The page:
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Scientific Methods Test Farmers’ Indigenous Knowledge to Identify Sheep and Goat Breeds Resistant to Parasites


(Photo: Mohammed Shamsuddin/FAO-IAEA)

Each year, sheep and goat farmers around the world lose an estimated US $10 billion due to gastrointestinal parasites that infect their animals, leading to loss of weight and wools and even death – a problem that is now escalating as parasites become resistant to the drugs used to eliminate them. In developing countries, sheep and goat owners are mostly resource-poor or marginalized farmers who cannot always afford the antiparasitic drugs. They are also more likely to keep a small number of animals of indigenous breeds that have adapted to the local conditions and, in some cases, are said to have developed a natural resistance to the parasites. The Joint FAO/IAEA Division has been exploring farmers’ reports of natural resistance, seeking scientific evidence that can be used to improve breeding programmes and enhance and quicken benefits to farmers. Working in ten countries in Africa, Asia and Latin America to identify parasite-resistant features of local animals, the exploration included everything from checking their eyes for anaemia to checking the 60,000 DNA markers of their genomes for variations that indicated resistance.

The effort to identify sheep and goats with natural resistance to parasites began with a challenge. Each of the ten countries involved in the Joint Division’s study identified one breed that farmers considered tolerant or resistant and one breed farmers considered susceptible. Twenty young animals of both the tolerant and susceptible breeds were selected and “challenged”, meaning they were purposely infected with parasites. Researchers monitored them at field stations, noting their weight and wellness – if tolerant to parasites, they should have a normal level of red blood cells and gain weight; if susceptible, they should lose weight and become anaemic. They also counted the number of parasite eggs in their faeces to determine if the worms had taken residence in the animals’ stomachs. Interestingly, with only  a few exceptions, most of the indigenous knowledge as to animal susceptibility or resistance was correct.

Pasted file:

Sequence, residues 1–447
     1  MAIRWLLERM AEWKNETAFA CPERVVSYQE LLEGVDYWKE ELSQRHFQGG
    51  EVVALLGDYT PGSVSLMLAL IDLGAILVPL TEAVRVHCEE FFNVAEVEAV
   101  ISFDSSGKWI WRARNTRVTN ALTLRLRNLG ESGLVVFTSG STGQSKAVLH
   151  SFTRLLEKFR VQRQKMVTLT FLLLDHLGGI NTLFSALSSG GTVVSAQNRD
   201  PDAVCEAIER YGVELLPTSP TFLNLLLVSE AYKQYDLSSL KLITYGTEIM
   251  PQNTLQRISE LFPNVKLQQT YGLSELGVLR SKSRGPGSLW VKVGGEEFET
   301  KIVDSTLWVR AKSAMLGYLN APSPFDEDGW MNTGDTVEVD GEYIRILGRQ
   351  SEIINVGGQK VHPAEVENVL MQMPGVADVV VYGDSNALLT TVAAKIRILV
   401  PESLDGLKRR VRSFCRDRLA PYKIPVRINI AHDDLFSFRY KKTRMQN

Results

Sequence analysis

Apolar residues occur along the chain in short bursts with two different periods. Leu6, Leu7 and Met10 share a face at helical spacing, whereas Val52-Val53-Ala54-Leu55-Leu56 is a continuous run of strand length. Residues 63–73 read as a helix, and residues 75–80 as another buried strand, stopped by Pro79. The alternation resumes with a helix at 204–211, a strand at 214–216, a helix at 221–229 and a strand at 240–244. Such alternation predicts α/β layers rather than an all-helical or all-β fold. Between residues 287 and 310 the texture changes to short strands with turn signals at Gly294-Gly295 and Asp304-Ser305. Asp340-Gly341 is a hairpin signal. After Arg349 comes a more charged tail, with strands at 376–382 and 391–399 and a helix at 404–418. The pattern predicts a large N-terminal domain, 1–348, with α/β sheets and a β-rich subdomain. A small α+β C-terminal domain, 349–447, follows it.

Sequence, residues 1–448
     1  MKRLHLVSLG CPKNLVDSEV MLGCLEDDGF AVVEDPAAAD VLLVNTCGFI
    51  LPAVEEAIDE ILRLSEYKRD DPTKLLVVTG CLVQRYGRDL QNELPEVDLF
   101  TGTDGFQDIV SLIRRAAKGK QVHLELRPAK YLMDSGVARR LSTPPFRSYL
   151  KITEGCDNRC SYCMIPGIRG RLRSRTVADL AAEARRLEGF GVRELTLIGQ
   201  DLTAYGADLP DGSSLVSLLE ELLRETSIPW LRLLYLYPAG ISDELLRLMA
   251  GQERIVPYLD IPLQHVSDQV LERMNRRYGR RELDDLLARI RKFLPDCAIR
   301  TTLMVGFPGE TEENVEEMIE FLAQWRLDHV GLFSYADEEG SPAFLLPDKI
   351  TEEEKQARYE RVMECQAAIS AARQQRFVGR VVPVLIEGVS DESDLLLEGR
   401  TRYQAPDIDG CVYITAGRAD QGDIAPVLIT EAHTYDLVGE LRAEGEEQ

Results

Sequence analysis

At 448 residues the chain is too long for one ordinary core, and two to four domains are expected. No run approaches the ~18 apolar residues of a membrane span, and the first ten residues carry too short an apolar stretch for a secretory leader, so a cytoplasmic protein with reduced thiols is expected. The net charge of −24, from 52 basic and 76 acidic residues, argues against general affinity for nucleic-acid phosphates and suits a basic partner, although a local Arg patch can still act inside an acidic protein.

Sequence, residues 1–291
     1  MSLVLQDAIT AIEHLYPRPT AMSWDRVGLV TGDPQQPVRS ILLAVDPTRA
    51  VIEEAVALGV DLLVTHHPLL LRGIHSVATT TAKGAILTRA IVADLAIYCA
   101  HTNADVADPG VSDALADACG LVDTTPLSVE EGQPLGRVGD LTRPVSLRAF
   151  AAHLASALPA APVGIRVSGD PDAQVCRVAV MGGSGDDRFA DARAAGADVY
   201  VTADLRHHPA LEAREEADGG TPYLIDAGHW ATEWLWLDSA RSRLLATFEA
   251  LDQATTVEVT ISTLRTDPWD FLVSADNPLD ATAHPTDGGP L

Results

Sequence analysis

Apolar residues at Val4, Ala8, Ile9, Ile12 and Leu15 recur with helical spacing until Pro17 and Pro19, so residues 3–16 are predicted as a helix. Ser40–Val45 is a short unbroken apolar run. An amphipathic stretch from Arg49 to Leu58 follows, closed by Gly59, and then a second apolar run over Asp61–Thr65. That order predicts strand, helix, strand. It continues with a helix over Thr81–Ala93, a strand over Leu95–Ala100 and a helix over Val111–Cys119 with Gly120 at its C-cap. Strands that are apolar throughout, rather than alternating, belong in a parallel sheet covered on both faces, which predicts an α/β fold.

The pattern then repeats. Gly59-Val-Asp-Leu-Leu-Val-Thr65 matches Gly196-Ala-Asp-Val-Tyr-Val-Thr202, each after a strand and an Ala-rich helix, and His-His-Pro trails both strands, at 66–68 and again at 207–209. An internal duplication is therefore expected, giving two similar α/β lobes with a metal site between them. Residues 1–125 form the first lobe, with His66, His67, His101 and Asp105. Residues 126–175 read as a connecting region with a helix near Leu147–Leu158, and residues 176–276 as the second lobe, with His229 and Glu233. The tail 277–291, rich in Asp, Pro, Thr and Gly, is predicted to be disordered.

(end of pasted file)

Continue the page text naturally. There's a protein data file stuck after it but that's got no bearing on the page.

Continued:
Armed with this knowledge, the second test was a field trial. The goal was to identify any individual animals within the breed that were “very tolerant or resistant” or “very susceptible”, and to identify a visible clue – something obvious to help farmers determine which animals to breed for what is called “genetic gain”. At this level, weighing the animals to measure their growth for meat production and recording wool yield would give some information  to farmers but not enough for making good breeding decisions. It was also prudent for farmers to collect faecal samples so the lab could identify how many parasite eggs they contained.

Identifying animals with natural parasite resistance has value beyond a local farmer’s herd. It can be the beginning of large-scale breeding programmes. Until now, developing countries have not exploited the potential of animals with natural resistance due in part to lack of infrastructure and skilled scientists. Thus, this programme, which screened more than 5,000 animals in the ten participating countries, helped establish sound animal selection programmes and fill in the blanks in performance data.

The scientific journal Nature/Biotechnology published the important technical findings of this research in an article “Sequencing and automated whole-genome optical mapping of the genome of a domestic goat (Capra hircus)”.
Last update: 02 Aug 2017


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